Album Review: Sun Airway - Nocturne Of Exploded Crystal Chandelier
While Nocturne Of Exploded Crystal Chandelier is the first full-length offering from Philadelphia bliss pop duo Sun Airway, the pair of Jon Barthmus and Patrick Marsceill were formerly two-fifths of mid-noughties straight-up pop/rock outfit The A-Sides. Their latest venture – released today on this side of the pond, nearly three months after dropping Stateside – gets off to a pleasantly assured start: opener ‘Infinity’ is a beautifully understated wash of beatless soundwaves that recalls Air France’s supreme No Way Down EP from a few years back; things then get even better on ‘American West’, a near-perfect electropop number that will remind you Cut Copy have a new album on the way soon.
Unfortunately, however, as is the case with so many debuts, this strong opening proves to be a false dawn, and there’s precious little across the remaining eight tracks that comes even close to matching ‘American West’’s winning formula. Part of the problem appears to be rooted in a (perhaps understandable) identity crisis: Barthmus and Marsceill seem unsure whether they want to commit fully to the blog-friendly brand of Animal Collective-lite evidenced on tracks like ‘Waiting On You’ and ‘Oh, Naoko’ or instead cling to the more conventional song structures of ‘Shared Piano’ and closer ‘Five Years’. It’s no surprise to learn that the bulk of Nocturne’s ten tracks had already been demoed before The A-Sides called it a day, and it’s as though the pair have tried here to remodel their essentially indie pop sound with the help of a new name and a few Pro Tools tutorials, à la The Postal Service. The result is an inconsistent listening experience, the album never quite managing to settle on a particular mood or feel; even Barthmus’ vocals flit uneasily between Bono-aping pomp (‘Put The Days Away’) and distant Panda Bear-like echoes (‘Actors’).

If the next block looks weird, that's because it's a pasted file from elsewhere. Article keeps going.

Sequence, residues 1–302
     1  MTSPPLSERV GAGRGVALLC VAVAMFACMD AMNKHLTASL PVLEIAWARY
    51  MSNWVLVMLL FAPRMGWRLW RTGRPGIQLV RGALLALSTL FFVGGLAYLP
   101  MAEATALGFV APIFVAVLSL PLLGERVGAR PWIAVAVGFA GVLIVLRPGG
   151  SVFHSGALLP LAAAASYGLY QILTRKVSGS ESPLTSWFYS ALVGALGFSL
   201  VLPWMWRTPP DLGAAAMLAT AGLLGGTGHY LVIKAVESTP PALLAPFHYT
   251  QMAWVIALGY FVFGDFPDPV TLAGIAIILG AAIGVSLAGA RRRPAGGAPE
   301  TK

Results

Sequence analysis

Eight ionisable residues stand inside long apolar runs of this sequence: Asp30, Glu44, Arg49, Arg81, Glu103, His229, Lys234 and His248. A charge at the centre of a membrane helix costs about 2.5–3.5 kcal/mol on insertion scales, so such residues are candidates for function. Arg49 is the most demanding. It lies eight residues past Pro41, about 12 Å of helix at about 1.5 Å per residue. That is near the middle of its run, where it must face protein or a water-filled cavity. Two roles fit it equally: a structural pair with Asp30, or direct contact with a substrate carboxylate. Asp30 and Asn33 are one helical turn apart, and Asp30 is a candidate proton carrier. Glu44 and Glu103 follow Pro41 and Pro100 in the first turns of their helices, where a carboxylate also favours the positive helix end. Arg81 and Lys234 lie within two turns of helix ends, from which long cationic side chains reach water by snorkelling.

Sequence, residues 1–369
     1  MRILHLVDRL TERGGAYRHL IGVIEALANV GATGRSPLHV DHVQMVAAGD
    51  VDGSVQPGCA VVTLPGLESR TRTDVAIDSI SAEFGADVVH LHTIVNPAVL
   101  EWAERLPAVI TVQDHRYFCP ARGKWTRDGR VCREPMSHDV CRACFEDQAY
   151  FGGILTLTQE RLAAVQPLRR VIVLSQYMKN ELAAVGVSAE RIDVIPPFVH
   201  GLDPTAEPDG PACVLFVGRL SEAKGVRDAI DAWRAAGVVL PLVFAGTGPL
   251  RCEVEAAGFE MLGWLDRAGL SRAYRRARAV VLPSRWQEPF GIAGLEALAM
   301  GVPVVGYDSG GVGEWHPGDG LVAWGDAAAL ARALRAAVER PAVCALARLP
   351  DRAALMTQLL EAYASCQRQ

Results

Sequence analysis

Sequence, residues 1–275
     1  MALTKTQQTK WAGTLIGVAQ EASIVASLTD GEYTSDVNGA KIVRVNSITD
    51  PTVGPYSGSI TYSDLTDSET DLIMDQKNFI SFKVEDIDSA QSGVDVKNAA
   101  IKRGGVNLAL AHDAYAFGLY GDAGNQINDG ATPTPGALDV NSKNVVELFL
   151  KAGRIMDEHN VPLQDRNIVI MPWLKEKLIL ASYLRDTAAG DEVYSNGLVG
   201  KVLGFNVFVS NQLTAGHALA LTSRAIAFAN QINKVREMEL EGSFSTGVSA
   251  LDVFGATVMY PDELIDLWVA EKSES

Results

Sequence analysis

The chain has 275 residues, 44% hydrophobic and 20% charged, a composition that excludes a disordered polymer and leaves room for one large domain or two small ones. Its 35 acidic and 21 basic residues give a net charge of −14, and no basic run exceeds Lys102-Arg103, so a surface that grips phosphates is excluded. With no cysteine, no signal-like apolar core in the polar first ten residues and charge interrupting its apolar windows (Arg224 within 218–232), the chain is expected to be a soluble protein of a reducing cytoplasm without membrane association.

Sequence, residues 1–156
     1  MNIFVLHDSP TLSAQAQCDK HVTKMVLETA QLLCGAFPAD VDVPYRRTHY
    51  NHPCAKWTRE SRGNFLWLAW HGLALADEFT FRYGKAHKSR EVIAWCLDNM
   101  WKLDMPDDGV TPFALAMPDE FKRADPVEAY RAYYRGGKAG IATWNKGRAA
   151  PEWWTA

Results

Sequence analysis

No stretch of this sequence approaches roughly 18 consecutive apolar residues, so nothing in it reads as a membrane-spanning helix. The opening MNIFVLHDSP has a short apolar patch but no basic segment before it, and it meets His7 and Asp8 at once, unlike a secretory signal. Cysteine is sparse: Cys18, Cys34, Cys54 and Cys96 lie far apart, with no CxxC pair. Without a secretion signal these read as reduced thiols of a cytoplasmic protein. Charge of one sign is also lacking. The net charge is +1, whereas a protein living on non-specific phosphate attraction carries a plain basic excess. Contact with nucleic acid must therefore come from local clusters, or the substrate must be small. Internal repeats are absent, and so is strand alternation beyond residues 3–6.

Of course, it hardly helps that the songwriting is undeniably weak in places, with tracks like ‘Your Moon’ and ‘Swallowed by The Night’ likely to pass you by before you’ve even realised you’re listening to them. Nor is the faintly ridiculous album title a sign of lyrical abstraction – instead, it’s best read as a prelude to some pretty cringe-worthy stabs at over-egged feeling (“We just dance beneath the sea of snakes”, anyone?!?). Ultimately, ‘Shared Piano’’s chorus of “I don’t know where you go / Oh, I swear you fade into the air like smoke” offers an unintentionally accurate summary of just how vapid and uninspiring much of Nocturne sounds. Sadly, this is a flight that never really takes off.